Activist physicist Richard Muller spoke at Occidental College today, explaining to a mostly student audience exactly why he became a “converted skeptic” about the human causes of global warming. In 2011, Muller testified to the U.S. House Science, Space and Technology Committee confirming an overall global warming trend, for which he later said: “Humans are almost entirely the cause.” But he also explained that his healthy initial skepticism came from reading untenable conclusions based on inadequate research.
His talk was both amusing and frightening. He repeatedly took former Vice President Al Gore to task, and reminded the audience of the little-known fact that a British judge would allow Gore to distribute his Oscar-winning documentary “An Inconvenient Truth” free to school children only if he included a list of nine errors, including that Greenland would melt, causing a massive ocean rise. Gore declined. He also reprimanded the Intergovernmental Panel on Climate Change for publishing in its fourth assessment report that the Himalayas would melt by 2030, which was not based on any science.
Muller blamed research “cherry picking,” as well as the politicizing of research contents as the culprits, and reminded the students to “remain objective.” He cited media reports as widely off the mark when it comes to global warming, saying that his own data show that there are no more hurricanes or tornadoes today than there were at the beginning of the century.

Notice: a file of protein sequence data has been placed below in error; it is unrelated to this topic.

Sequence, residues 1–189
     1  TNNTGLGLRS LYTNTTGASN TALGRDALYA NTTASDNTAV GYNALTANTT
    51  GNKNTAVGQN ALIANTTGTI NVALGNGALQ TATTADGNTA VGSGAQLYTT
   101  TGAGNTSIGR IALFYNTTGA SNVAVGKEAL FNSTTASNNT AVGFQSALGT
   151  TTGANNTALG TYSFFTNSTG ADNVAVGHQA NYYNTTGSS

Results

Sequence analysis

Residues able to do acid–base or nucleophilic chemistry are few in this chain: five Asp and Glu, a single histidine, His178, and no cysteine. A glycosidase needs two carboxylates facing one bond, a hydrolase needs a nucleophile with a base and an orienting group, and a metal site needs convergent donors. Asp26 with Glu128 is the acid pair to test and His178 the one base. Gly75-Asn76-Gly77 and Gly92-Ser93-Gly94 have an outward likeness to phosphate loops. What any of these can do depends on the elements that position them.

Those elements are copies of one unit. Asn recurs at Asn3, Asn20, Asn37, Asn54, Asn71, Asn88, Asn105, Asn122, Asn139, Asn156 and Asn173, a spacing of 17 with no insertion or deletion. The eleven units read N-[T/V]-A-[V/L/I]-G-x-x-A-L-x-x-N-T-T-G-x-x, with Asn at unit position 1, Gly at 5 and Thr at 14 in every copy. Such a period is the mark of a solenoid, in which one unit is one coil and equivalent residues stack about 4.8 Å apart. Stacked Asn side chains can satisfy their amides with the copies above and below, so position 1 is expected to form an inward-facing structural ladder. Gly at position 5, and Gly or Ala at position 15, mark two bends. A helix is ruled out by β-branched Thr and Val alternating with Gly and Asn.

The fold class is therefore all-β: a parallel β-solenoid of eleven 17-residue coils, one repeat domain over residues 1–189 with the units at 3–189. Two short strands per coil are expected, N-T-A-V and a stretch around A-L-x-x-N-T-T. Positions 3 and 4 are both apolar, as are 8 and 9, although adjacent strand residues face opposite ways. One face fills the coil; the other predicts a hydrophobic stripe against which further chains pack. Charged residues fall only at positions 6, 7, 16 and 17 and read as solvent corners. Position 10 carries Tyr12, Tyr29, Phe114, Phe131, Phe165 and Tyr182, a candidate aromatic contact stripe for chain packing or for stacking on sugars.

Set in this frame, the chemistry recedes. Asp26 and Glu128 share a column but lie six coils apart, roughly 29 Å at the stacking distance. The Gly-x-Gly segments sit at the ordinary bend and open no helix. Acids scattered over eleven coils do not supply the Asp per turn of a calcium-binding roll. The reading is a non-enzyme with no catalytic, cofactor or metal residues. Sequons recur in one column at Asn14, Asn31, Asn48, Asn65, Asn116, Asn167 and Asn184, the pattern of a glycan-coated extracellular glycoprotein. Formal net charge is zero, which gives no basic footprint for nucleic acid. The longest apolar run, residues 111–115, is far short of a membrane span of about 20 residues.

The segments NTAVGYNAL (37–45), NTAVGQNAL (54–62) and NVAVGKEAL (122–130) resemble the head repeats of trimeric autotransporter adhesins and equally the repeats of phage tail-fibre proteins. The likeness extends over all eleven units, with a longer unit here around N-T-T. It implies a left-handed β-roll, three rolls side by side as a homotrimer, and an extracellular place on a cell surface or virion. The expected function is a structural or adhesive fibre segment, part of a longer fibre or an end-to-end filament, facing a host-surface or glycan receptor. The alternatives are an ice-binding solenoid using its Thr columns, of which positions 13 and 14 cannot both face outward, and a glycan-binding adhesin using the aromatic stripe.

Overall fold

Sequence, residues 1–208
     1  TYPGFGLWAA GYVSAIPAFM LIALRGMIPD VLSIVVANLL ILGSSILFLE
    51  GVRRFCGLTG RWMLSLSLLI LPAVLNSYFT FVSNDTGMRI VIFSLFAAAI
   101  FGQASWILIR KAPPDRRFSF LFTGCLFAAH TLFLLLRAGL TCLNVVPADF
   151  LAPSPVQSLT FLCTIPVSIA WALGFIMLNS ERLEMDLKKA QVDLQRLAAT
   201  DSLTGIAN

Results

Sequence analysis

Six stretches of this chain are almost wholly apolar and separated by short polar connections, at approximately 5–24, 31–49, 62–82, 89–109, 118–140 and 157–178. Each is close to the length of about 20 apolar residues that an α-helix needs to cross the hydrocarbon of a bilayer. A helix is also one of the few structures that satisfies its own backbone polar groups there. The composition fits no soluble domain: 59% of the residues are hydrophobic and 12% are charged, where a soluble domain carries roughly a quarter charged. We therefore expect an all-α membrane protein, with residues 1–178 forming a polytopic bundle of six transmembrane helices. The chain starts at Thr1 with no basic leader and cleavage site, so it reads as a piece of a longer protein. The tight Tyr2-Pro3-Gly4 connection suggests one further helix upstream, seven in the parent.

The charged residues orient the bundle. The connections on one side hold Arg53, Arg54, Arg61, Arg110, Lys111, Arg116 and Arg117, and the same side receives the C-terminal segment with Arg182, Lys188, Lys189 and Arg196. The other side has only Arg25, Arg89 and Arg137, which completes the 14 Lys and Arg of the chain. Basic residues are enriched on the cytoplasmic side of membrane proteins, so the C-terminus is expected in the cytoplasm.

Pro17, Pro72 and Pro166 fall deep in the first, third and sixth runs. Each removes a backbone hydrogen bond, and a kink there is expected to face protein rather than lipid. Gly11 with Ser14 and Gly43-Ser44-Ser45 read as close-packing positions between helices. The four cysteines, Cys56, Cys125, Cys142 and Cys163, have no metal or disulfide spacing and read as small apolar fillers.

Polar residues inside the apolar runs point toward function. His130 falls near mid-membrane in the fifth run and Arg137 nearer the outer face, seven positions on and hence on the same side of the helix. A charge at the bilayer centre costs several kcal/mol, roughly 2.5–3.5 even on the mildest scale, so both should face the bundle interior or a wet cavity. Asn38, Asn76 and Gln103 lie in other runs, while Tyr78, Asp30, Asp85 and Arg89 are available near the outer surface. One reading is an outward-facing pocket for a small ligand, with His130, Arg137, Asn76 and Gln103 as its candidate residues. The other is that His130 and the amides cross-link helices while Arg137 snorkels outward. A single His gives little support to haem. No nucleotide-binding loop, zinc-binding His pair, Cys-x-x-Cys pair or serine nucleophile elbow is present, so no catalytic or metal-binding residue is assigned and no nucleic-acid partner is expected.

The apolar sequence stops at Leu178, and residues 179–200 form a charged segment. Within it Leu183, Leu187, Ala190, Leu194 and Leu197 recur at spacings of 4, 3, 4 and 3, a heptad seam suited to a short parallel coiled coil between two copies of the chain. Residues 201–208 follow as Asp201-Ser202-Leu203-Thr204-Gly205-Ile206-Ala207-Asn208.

“This is something you all need to master,” he said.” How do you go about looking at a subject in a purely objective way? I would say that the thing that characterizes our civilization more than anything else was the discovery of objectivity. Remember that word and think about it.”
The professor of Physics at the University of California, Berkeley, and Faculty Senior Scientist at the Lawrence Berkeley Laboratory as well as the founder of Berkeley Earth is also the best-selling author of “Energy for Future Presidents: The Science Behind the Headlines” (2012).
On the frightening side were graphs showing rapidly increasing carbon emissions from the developing world, notably China and India. Muller, who drives a Prius, said that it did no good in solving global warming because the average citizens in those countries can’t afford to buy one. Rather, Americans should embrace affordable examples. His dual saviors were solar energy and natural gas.
Muller endorsed controversial fracking — coaxing natural gas and oil out of rocks through horizontal drilling — as the way to get China off carbon-producing coal and into cleaner natural gas. As U.S. carbon emissions slow, he said, this was the most efficient way to stop the heating up of the planet.
See you on the river, Jim Burns